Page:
"I am a star. I’m a star, I’m a star, I’m a star. I am a big, bright, shining star. That’s right." --Dirk Diggler, Boogie Nights
The crowds are swelling against the velvet ropes, which section off the red carpet from the screaming crowds. Burly bodyguards are using their muscle to restrain the eager fans as the first few yoga teachers come gliding down the red carpet. Fashion correspondents are critiquing the yoga teacher's fashions, using phrases like "She is working that Lululemon!" and "His yoga buns are showcased just perfectly in those Be Present Movement Pants -- definitely a fashion high five for that yogi!" Flash bulbs are brightening the surrounding area, sounding like soft gunfire.
Sounds a little bizarre, doesn't it? Yet I can't help but wonder if we're headed in that direction.
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A friend of mine has a saying that I just love -- "I don't know how to think about it." I'd say that fits my reaction to this new trend of yoga teacher meets Madison Avenue Marketing.
I've known about YAMA Talent for a while now. Yama's founder Ava Taylor is one smart cookie -- she took her marketing skills across the pond, if you will -- she went from promoting Lululemon clothing to promoting the folks wearing Lululemon clothing. She saw a need and she used her talents to fill it. And she finally got a mention in the NY Times. I'm sure her marketing heart is all aglow. Yet another clip to go in the publicity file.
Then there are the folks over at YogaDownload.com -- they are currently promoting the "next YogaDownload star" contest over on their Web site. After all, who the heck would be satisfied with 10 students in your class when you could gain exposure to over 40,000 students? Why settle for yoga teacher when you could be a "yoga star?"
Here's the thing...I have no problem with yoga teachers making money. I understand that yogis in India would teach for free because it was their calling. I think that's lovely. However, the fact is that we don't live in India and last I checked, the cost of living was mighty pricey here in America. Also, I don't think there's anything wrong or not spiritual about being paid for what you offer to others. I've seen a lot of people earn a heck of a lot more for providing a heck of a lot less (ummmm...the cast of The Jersey Shore come to mind). There's no shame in being good at what you do, touching people, and making money because of it.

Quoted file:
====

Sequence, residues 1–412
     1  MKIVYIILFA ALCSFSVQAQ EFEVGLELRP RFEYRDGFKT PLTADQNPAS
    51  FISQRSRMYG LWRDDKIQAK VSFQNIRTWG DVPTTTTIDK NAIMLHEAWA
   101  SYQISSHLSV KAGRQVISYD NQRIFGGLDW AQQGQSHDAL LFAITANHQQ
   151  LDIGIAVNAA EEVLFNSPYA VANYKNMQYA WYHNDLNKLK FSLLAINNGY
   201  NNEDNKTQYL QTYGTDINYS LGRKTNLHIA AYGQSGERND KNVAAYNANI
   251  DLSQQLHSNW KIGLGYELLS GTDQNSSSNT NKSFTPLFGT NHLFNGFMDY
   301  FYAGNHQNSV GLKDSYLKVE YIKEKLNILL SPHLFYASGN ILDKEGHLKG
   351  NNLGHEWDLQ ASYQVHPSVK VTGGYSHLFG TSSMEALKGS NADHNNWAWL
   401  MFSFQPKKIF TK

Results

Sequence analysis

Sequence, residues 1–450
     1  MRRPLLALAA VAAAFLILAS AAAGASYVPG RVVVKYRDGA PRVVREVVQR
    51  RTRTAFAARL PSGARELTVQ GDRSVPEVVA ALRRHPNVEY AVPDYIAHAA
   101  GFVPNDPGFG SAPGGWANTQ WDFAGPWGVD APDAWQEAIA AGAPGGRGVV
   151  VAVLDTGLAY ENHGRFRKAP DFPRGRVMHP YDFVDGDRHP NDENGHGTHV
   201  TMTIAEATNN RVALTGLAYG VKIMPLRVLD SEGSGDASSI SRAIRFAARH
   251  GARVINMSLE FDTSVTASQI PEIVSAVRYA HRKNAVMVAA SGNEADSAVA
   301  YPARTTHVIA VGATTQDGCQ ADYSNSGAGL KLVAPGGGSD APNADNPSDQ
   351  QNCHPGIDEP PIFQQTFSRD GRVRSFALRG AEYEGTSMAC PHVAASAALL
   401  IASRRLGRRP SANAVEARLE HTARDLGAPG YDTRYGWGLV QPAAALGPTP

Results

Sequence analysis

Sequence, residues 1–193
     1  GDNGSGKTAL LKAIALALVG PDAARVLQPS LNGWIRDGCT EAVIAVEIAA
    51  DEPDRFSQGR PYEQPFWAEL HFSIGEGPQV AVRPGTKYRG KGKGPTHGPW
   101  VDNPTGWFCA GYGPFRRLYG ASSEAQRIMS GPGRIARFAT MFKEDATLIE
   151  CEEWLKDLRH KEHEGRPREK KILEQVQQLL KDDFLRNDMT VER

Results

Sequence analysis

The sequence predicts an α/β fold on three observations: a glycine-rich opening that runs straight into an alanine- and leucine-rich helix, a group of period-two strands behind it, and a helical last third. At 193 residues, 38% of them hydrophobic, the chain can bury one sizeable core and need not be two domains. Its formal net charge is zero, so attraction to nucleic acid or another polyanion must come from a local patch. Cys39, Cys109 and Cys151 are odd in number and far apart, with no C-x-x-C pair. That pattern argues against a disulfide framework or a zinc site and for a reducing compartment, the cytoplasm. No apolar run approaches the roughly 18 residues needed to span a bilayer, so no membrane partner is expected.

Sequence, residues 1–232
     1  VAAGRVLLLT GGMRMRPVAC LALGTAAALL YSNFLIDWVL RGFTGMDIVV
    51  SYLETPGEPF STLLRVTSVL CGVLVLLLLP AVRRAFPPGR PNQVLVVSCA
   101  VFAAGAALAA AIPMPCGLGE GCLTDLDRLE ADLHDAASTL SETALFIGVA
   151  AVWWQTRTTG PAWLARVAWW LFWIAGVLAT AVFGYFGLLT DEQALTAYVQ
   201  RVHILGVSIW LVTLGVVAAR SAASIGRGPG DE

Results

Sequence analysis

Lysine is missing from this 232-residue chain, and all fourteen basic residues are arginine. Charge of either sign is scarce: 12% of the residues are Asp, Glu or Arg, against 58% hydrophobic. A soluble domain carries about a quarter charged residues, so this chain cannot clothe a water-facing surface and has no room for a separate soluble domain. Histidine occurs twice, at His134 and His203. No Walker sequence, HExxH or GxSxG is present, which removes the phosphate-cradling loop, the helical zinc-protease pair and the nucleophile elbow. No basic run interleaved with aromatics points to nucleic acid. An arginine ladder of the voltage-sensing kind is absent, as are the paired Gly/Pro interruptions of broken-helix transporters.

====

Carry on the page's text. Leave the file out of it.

Popular VideoThis young teenage singer was shocked when Keith Urban invited her on stage at his concert. A few moments later, he made her wildest dreams come true:
Yet, there's something about all of this yoga teacher as star hype that just doesn't sit right with me. Maybe it's that yoga teachers are going the way of the professional athlete and the Hollywood actor. Now I'm a bit biased here, because I don't care one whit about actors and I think that our society is freakishly preoccupied with people who aren't anywhere near as gifted or cool as they think they are. I also happen to think that many professional athletes are overpaid (as well as not all that well behaved). I'm not saying I'm right -- it's just my personal opinion. I wouldn't care if there weren't any movies and/or sports teams but I realize that the majority of folks out there are crying blasphemy over the mere thought. After all, what would guys do with all of their spare time if there were no ESPN and what would women do if they couldn't read People Magazine and gossip about which starlet was sleeping with which model, who was cheating on who, and which hot young thing was checking into rehab? Okay, so I'm being a bit sarcastic -- and probably a lot outrageous -- today. Still, you get the idea.
What strikes me is this -- I've taken more yoga workshops and classes over the years than I can count. Some of those classes and workshops have been given by who would be considered big name, very popular yoga teachers while others have been given by local teachers. I've seen the good, the bad, and the ugly. Interestingly enough, some of my best experiences weren't with the big names. Sometimes the more obscure, the better.
A few years ago, I had a very disappointing experience with a yoga teacher. I saw qualifications and experience and certifications and I mistakenly took those things for quality. Finding out that this particular teacher didn't walk her talk was disappointing, to say the least. Hmmmm...perhaps she just needed a good agent to put the right spin on it?
I'm just going to echo my friend's sentiments -- I don't know how to think about it. Actually, I think I'll take it a step further -- I don't even want to think about it.